- When you consider that in China alone, 3 billion plastic bags are used every day and then you consider the above fact, that adds up to an awful lot of space on the planet becoming steadily ever more clogged up with disposable plastic bags.
Every single one of us are living in a time when it is imperative that we examine our choices as human beings and as consumers. Those that don't will have such examination thrust upon them whether they like it or not as energy prices continue to rise and problems with food and water shortages (affecting the manufacture of food, among other things) become the norm.
Running a business in such an environment is fraught as by its very nature, commerce often goes against principles of sustainability. We have always been passionate though about trying to work out ways of doing this, hence our commitment to smaller producers who do not work in ways with damage the planet. Our food is sourced with a similar ethos and we have installed as many energy saving measures as we can in our shop and bar.
And no, we most certainly do not serve mineral water. We have a very smart filtration system installed and we do not charge anything for the water that comes from it.
I have no wish to further alienate you but I am afraid that our stance is resolute and unapologetic. If people cannot be bothered to consider all of the above and take the utterly simple step of carrying cloth bags (which roll up very neatly and can be popped into any other larger bag) with them, then they have no one to blame but themselves if they can't get their purchases home. As a business, we refuse to be involved in a hugely irresponsible and wasteful procedure (the offering of plastic bags) to compensate for lazy or forgetful behavior.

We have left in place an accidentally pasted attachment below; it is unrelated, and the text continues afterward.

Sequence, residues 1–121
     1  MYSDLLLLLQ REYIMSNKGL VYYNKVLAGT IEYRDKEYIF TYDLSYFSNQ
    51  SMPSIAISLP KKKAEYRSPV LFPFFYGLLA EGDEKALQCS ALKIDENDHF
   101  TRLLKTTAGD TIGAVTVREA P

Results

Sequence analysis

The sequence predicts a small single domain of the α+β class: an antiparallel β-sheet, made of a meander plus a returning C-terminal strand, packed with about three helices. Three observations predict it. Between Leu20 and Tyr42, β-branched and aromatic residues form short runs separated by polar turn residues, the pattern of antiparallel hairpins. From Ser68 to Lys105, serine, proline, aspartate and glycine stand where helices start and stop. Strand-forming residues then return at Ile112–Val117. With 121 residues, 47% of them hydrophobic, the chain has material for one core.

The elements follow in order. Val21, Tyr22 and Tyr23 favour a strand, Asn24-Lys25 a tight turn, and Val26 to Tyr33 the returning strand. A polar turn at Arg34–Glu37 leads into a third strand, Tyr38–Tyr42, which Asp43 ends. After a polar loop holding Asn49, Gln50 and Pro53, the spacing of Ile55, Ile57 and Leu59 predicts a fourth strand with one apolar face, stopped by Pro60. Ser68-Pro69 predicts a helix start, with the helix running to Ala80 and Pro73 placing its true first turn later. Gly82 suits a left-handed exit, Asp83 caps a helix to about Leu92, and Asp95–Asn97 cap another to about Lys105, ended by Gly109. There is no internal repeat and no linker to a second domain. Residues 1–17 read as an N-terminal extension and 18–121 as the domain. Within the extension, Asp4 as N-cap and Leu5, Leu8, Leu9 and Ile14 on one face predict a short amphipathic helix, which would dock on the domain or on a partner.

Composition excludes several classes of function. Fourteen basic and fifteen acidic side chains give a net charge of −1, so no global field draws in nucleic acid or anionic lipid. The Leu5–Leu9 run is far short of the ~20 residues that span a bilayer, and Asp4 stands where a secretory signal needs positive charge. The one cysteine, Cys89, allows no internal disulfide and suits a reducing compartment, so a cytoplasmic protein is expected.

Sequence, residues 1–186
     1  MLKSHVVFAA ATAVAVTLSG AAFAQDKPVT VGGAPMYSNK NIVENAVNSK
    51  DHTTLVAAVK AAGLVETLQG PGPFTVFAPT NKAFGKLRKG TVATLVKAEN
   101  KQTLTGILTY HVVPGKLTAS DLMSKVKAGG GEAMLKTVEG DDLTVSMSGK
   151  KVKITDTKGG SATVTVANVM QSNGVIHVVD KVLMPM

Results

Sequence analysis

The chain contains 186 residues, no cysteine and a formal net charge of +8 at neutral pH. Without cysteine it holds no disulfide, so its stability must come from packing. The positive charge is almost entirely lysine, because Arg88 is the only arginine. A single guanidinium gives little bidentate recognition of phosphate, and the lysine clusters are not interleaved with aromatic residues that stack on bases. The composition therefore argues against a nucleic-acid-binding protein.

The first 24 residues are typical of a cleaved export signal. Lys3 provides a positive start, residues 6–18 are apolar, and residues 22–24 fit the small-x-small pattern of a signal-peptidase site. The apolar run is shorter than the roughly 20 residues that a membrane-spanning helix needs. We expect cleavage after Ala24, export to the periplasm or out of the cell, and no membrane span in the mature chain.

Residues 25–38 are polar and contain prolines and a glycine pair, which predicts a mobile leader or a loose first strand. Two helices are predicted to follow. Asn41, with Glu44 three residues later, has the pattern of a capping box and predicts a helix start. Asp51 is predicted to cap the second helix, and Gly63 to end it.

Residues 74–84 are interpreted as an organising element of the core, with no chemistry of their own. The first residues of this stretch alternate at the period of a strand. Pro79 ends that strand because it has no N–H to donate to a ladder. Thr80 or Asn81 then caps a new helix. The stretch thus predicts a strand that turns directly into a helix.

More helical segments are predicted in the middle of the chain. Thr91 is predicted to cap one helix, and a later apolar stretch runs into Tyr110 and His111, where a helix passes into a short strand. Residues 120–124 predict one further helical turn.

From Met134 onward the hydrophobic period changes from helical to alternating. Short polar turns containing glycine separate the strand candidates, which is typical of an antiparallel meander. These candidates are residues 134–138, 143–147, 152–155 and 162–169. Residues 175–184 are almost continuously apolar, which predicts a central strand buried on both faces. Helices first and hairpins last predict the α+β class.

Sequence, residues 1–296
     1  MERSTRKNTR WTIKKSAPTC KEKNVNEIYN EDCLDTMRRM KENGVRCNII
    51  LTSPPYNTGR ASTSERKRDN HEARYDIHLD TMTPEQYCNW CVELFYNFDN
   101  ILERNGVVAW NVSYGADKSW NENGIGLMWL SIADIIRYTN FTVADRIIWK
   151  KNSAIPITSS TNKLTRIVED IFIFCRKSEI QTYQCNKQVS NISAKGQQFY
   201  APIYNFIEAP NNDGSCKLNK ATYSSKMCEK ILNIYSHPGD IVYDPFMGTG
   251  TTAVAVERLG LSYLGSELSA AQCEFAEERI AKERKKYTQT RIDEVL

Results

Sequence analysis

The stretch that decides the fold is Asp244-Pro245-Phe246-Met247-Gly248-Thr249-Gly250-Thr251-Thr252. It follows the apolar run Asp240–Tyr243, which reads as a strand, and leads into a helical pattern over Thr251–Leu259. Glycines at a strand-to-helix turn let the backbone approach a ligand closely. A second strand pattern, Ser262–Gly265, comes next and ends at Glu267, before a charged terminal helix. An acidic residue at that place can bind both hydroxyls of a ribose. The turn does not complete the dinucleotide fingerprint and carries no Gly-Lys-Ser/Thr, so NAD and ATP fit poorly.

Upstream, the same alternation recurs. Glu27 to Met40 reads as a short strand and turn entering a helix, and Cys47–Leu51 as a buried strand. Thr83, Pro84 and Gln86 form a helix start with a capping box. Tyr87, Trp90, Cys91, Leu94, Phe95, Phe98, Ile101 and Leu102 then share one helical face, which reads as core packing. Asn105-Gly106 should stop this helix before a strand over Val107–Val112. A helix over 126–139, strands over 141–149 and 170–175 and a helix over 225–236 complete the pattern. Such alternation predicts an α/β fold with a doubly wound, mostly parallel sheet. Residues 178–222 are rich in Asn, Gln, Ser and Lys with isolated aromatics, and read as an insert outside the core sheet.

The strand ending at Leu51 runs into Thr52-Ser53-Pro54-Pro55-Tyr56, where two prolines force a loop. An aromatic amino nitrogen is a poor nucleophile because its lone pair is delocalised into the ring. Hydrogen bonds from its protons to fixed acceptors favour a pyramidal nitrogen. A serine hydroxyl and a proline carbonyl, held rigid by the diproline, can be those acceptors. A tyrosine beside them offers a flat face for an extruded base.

As a goodwill gesture for taking the time to make your thoughts known (we always think that this is valuable even if, as in your case, we disagree completely with the entire contents of your email), I would be delighted to offer you a bottle of very responsibly produced wine. You don't seem to be a regular customer as our plastic ban is now 3 years old and you were clearly unaware of it, but perhaps we can give you something which will change your mind.
You will however need to bring your own bag when you come to collect it.
Very best wishes
5 hours later, I received this :-
Thank you for your prompt response. I must admit I am finding it quite amusing to be called lazy and forgetful after spending £40 on two bottles of wine at your store. You are mistaken in your judgement that we are not regular customers - I do shop fairly frequently with you, usually on Saturdays when I actually have a bag with me for a planned shopping trip.
That was not the case last night on my way home from work, already laden with a handbag and laptop case. I needed a bag, and your shop would not provide one. I don't have any problem with your policy of not supplying plastic bags. But you could supply paper bags, or use old plastic bags rather than new ones, like a charity shop does for example. There needs to be a practical solution when a customer comes into your shop without a bag! Either that or there should be a clear sign at the till saying that you won't supply a bag, so that the customer can back out of the purchase before it's too late.
You are not living in the real world if you think every person in East Dulwich carries a hessian sack folded up in their pocket/handbag at all times, whether they are planning on going shopping or not. It's your decision, but a smug policy like this will not make yours the shop of choice when you're on your way home from work and want to buy a couple of bottles of wine but realise you don't have anything to carry them home in. Certainly not with Bossman and Nicolas down the road.
And so I responded with this :-
Dear Mrs X